The epic contains the following books:

  • Bala Kanda – Book of the Childhood (birth and training of the princes and marriage of the princes)
  • Ayodhya Kanda – Book of Ayodhya (life in Ayodhya as a prince after marriage to Sita)
  • Aranya Kanda – Book of the Forest (life in exile in the forest)
  • Kishkindha Kanda – Book of Kishkindha (life in the kingdom of monkeys - on their search for the captured Seetha)
  • Sundara Kanda – Book of Auspiciousness (Hanumaan's journey to Lanka and his meeting with Seetha)
  • Yuddha Kanda – Book of the War (battle between Raama's armies and Raavana's armies)
  • Uttara Kanda – Book of the Afterword (Epilogue: Raama's life after returning to Ayodhya and Sita's second exile)

There have been speculations on whether the first and the last chapters of Valmiki's Ramayan were written by the original author. Many experts are of the opinion that they are integral parts of the book in spite of the many differences in style and some contradictions in content between these two chapters and the rest of the book. It is believed that Uttar Kanda was written by Tulisadas because there is no reference of this chapter in Valmiki's Ramayan. These two chapters contain most of the interpolations found in the Ramayana, such as the miraculous birth of Rama and his divine nature as well as the numerous legends surrounding Ravana. It is also inferred that the story of Rama's beheading shudra Shambuka as well as the one relating to Shravana kumara were not written by Valmiki.


Rama seated with Sita, fanned by Lakshamana, while the monkey-god Hanuman pays his respects.
  • Rama is the hero of this epic tale. He is portrayed as an incarnation of the god Vishnu. He is the eldest and the favorite son of the King of Ayodhya, Dasharatha. He is a popular prince loved by one and all. He is the epitome of virtue. Dasaratha, forced by one of his wives Kaikeyi commands Rama to relinquish his right to the throne for fourteen years and go into exile by his father. While in exile, Rama kills the demon king Ravana using an arrow.
  • Sita is the beloved wife of Rama and the daughter of king Janaka. Sita is also known as Janaki. She is the incarnation of Goddess Laxmi (Lord Vishnu's wife). Sita is the epitome of womanly purity and virtue. She follows her husband into exile and there gets abducted by Ravana. She is imprisoned in the island of Lanka by Ravan. Rama rescues her by defeating the demon king Ravana.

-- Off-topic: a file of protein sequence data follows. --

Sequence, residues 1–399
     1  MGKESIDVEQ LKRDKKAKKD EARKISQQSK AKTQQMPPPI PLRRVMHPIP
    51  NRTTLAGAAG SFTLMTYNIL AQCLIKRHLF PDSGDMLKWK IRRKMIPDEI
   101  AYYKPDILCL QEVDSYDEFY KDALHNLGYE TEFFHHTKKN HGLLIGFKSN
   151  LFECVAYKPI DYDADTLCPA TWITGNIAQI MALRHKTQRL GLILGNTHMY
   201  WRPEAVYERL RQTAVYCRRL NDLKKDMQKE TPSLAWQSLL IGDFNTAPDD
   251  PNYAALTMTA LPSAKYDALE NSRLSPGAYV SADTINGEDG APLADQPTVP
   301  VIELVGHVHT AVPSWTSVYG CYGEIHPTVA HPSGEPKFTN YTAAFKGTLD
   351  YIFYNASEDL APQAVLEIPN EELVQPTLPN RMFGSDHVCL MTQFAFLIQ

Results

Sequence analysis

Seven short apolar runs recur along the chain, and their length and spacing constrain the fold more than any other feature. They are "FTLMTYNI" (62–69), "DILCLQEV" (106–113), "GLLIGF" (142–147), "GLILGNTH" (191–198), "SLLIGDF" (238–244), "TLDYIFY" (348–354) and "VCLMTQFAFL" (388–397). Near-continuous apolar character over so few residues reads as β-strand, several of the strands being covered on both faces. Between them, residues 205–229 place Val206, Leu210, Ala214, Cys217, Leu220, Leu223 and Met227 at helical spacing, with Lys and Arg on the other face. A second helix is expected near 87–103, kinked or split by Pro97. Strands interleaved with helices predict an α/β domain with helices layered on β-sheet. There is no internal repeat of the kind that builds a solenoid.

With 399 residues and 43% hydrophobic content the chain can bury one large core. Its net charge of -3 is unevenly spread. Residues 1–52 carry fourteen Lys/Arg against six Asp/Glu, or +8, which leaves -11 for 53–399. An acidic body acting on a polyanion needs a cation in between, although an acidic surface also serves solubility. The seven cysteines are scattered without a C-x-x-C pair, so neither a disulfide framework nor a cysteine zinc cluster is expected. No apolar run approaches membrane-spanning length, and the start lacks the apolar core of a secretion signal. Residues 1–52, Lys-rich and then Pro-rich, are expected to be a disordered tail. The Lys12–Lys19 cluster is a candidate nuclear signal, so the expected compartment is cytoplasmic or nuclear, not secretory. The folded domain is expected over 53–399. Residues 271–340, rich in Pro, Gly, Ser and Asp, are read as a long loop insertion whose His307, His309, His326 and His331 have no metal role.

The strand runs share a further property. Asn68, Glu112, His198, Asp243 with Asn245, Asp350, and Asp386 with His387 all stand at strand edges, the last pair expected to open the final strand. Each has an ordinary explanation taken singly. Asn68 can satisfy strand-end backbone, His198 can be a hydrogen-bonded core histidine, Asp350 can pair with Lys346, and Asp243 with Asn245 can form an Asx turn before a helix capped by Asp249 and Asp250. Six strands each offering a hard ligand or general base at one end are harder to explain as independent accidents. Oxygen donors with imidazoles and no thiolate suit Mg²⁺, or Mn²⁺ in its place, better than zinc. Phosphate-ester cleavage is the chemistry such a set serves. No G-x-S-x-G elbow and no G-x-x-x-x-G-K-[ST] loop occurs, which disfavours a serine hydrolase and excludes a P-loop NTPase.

• Hanuman is a vanara belonging to the kingdom of Kishkindha. He is portrayed as an incarnation of Lord Shiva. He worships Rama and helps find Sita by going to the kingdom of Lanka crossing the great ocean.
  • Lakshmana, the younger brother of Rama, who chose to go into exile with him.He is portrayed as an incarnation of the Sheshnag Kaal. He spends his time protecting Sita and Rama. He is forced to leave Sita, who was deceived by the demon Marichi into believing that Rama was in trouble. Sita is abducted by Ravana upon him leaving her.
  • Ravana, a rakshasa, is the king of Lanka. He received a boon from Brahma that he cannot be killed by either gods, demons or by spirits, after performing a severe penance for ten thousand years. He has ten heads and twenty arms, the former of which he began to cut off and throw into the sacrificial fire until Lord Brahma appeared to him. After getting his reward from Brahma, Ravana begins to lay waste the earth and disturbs the deeds of good Rishis. Vishnu incarnates as the human Rama to defeat him, thus circumventing the boon given by Brahma.
  • Dasharatha is the king of Ayodhya and the father of Rama. He has three queens, Kousalya, Sumitra and Kaikeyi, and three other sons; Bharata, Lakshmana and Shatrughna. Kaikeyi, Dasharatha's favourite queen forces him to make his son Bharata heir apparent and send Rama into exile. Dashratha dies heartbroken after Rama goes into exile.
  • Bharata is the second son of Dasharatha. When he learns that his mother Kaikeyi had forced Rama into exile and caused Dasharatha to die broken hearted, he storms out of the palace and goes in search of Rama. When Rama refuses to return from his exile to assume the throne, Bharata obtains Rama's sandals and places them on the throne as a gesture that Rama is the true king. Bharata then rules Ayodhya as a representative of Rama for the next fourteen years.